The early morning autumn air at Kalimpong was redolent with the fragrance of the surrounding greenery - a refreshing and welcome change from the grey monotone so typical of the cities. As we looked out from the window, we could see a dense drape of mist and fluffy white clouds. We eagerly gulped in deep breaths of the sweet mountain air.
A little later there was a soft knock on our door and soon all our attention was seized by steaming cups of aromatic Darjeeling tea, which seemed equally inviting. Having sated our gustatory whims with scant regard to the calories, we embarked out of our hotel room to experience Kalimpong- a collage of green hills, the endless blue skies and the abundant colours of blossoms to titillate our visual senses.
While on one side there is the massive, expanse of green foliage, on the other side flow there are the silver gurgles of the magical river. The eyes tired with staring at neon lights and concrete walls feast on the views of the forest. There is nothing to disturb the peace here; even the low, guttural humming of the vehicle’s engine rhymes in sync with the bird chirps. The scene all around serves as a soothing reminder that nature still holds sway over the earth, in spite of the numerous nuances of development.
A vibrant and bustling hill town at the foothills of the majestic Shivalik ranges in the lower Himalayas, Kalimpong was a part of Sikkim in the 18th century. In the early 19th century the Bhutanese occupied the town and began to rule it.
Following the Treaty of Sinchuyla in 1865, it came under the sway of the British rule and subsequently became a part of India after 1947. Religion has had a major role in the development of Kalimpong. The town, which was a major centre for Scottish Missionary activity in the 1900s, has played host to a multitude of cultures that have made the place their abode, integrating into the mainstream and yet managing to retain their unique individuality.
Here, it is not uncommon to see "Dhwajas" (Tibetan Flags) floating in the mild breeze on housetops; in a similar manner, the town boasts of a fair number of temples and churches with towering spires. The town of Kalimpong despite its etymology remains drenched in serenity with its fair share of colour and buzz.
One lazy afternoon we head out towards Deola Hill, Kalimpong’s highest point. After an hour of trekking later, we are finally at the top of Deolo Hills with mist and cloud faithfully following us. Needless to say, the pair plays spoilsport and we miss out on a spectacular view of the snows of Kanchenjunga, which we have heard can be seen from here. We, however, are able to see the town centre below, sandwiched between Deola and Durpin Hills. We also get a bird's-eye view of the scattered buildings below and of the reservoir aptly termed Deolo Lake. As we stare into the huge basin that holds water for the entire town and surrounding regions around the year, I come to realise that whatever man may attempt to do, he will never be able to beat nature. Such a comforting feeling!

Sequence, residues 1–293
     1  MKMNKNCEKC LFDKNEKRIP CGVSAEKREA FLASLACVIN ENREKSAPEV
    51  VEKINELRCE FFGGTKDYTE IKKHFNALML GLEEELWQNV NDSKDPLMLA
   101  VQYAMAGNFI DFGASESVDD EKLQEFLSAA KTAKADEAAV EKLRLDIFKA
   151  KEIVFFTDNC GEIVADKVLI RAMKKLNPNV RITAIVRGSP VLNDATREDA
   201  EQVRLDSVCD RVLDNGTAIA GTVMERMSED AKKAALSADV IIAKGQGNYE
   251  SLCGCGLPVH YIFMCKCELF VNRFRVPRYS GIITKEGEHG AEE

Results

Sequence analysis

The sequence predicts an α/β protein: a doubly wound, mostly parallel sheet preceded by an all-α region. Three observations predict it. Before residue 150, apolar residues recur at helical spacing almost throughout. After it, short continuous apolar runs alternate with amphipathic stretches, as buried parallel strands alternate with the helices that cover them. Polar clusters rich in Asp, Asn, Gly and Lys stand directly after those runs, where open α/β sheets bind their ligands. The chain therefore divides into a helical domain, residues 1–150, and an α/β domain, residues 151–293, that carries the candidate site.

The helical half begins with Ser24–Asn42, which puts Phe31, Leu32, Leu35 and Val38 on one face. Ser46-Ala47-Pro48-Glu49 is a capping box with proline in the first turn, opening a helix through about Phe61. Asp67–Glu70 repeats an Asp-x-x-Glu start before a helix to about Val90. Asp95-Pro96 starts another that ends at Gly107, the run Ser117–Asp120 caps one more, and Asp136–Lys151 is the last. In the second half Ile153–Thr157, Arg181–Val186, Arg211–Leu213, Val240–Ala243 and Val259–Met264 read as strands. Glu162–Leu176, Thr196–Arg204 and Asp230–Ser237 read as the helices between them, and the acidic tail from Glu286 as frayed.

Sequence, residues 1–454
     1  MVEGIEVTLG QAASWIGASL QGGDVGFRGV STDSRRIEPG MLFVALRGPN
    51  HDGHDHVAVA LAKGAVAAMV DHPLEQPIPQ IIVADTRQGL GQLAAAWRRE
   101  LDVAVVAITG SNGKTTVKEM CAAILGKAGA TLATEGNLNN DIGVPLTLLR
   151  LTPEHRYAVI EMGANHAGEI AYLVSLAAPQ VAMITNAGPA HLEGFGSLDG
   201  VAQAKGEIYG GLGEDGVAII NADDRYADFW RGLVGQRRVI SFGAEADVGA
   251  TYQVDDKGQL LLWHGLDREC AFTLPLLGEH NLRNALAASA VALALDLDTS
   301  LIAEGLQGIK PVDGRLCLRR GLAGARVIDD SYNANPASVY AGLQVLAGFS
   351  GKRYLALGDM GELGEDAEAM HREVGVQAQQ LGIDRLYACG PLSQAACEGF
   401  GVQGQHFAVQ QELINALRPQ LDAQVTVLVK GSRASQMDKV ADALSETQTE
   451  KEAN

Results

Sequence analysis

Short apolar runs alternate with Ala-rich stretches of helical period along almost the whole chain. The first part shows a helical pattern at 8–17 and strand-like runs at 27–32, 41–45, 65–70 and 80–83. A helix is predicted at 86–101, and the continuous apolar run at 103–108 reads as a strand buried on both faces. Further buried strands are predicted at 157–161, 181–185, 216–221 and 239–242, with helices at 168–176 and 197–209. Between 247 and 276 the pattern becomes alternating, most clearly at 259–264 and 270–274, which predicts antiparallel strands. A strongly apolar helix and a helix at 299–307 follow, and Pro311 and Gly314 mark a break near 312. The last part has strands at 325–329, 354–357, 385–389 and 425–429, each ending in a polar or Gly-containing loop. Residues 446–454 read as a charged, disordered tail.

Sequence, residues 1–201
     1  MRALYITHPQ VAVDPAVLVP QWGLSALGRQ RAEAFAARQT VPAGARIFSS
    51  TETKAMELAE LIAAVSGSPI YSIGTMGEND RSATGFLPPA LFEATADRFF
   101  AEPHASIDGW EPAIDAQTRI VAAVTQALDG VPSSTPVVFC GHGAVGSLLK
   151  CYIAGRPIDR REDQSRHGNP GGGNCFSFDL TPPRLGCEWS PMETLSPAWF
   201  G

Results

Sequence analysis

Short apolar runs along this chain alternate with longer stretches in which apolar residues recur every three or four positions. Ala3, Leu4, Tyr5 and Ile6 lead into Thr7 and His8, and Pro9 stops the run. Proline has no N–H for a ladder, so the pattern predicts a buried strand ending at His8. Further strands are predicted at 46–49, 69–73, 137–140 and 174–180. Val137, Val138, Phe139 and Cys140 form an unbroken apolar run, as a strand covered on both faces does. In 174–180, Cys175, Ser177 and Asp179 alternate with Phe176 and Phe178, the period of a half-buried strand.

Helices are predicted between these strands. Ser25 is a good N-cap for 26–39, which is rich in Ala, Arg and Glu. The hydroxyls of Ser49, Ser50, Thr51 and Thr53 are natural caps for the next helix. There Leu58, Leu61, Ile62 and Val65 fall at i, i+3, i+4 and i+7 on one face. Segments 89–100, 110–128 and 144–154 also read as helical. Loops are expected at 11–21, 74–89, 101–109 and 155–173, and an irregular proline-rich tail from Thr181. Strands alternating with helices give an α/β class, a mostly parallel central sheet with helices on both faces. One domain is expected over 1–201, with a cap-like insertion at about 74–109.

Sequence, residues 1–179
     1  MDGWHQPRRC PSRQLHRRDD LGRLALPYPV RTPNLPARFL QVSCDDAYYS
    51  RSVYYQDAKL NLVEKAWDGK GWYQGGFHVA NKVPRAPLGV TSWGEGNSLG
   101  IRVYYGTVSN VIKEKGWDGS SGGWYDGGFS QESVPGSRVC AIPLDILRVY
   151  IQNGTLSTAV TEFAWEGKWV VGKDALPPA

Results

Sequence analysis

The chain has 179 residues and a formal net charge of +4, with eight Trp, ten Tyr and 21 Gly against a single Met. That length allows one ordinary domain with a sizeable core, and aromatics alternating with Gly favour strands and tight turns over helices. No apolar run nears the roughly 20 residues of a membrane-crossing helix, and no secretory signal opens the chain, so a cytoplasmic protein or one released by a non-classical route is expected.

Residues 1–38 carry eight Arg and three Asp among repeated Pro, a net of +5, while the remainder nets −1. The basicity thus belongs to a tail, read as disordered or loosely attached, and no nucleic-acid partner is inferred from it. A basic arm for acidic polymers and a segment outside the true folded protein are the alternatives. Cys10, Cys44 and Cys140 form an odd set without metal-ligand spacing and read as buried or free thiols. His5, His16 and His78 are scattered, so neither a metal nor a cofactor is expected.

A little later we descend back to the town and visit the MacFarlane Memorial Church, a prominent landmark and considered amongst the famous places to see in Kalimpong. Named after William MacFarlane, the first missionary from the Church of Scotland who visited the region in 1870, the church with its tall spires and scenic setting bears a striking resemblance to the Scotland countryside.
Kalimpong is also home to some of the most beautiful nurseries in the country and now is our time to visit them. Here the mist and cloud fail to create any ruckus, on the contrary, they only add to our experience. We soon find ourselves in the colourful company of hundreds of varieties of cactus, Indo-Burmese orchids and exotic tubers, rhizomes, and what not! The nursery spread over two acres is fed by a natural spring. The entire setting feels like heaven.
No trip to Kalimpong can be complete without a trip to the Neora Valley National Park – one of the richest biological zones in northeast India. The endangered species of the Red Panda and the Black Asiatic Bear inhabits this place. We also manage to make it to the Jelepla Viewpoint, where the confluence of the rivers Teesta, Relli, and Reang can be viewed through wired fences. Jelepla Viewpoint also offers a splendid view of the snowcapped Mount Kanchenjunga (which we again miss out because of the mist) and the Jelepla Pass that was once used for trade with Tibet. If you are planning to visit a hill station in India any time soon, Kalimpong can be a good choice.
With its green meadows, undulating valleys, dense virgin forests, and the majestic Kanchenjunga as a magnificent backdrop, it is a perfect getaway. "The grass is always greener on the other side," is what you would have read as a proverb, but here at Kalimpong, I can assure you that you will be sure to spot the greenest grass.